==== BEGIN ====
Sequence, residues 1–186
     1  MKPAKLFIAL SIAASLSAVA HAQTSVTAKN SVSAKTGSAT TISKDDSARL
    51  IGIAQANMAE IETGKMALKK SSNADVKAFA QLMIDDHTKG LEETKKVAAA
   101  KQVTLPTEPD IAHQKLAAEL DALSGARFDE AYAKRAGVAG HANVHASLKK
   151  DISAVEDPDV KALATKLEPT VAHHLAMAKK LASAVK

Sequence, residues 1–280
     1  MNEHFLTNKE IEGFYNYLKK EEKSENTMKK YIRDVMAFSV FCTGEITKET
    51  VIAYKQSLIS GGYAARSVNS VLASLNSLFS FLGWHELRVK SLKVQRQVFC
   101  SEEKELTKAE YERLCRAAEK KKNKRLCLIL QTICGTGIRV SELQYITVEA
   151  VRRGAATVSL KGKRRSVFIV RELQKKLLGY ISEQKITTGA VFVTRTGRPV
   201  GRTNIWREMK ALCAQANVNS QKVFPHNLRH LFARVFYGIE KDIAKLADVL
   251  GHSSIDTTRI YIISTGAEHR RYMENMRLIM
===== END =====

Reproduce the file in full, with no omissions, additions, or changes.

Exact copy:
Sequence, residues 1–186
     1  MKPAKLFIAL SIAASLSAVA HAQTSVTAKN SVSAKTGSAT TISKDDSARL
    51  IGIAQANMAE IETGKMALKK SSNADVKAFA QLMIDDHTKG LEETKKVAAA
   101  KQVTLPTEPD IAHQKLAAEL DALSGARFDE AYAKRAGVAG HANVHASLKK
   151  DISAVEDPDV KALATKLEPT VAHHLAMAKK LASAVK

Sequence, residues 1–280
     1  MNEHFLTNKE IEGFYNYLKK EEKSENTMKK YIRDVMAFSV FCTGEITKET
    51  VIAYKQSLIS GGYAARSVNS VLASLNSLFS FLGWHELRVK SLKVQRQVFC
   101  SEEKELTKAE YERLCRAAEK KKNKRLCLIL QTICGTGIRV SELQYITVEA
   151  VRRGAATVSL KGKRRSVFIV RELQKKLLGY ISEQKITTGA VFVTRTGRPV
   201  GRTNIWREMK ALCAQANVNS QKVFPHNLRH LFARVFYGIE KDIAKLADVL
   251  GHSSIDTTRI YIISTGAEHR RYMENMRLIM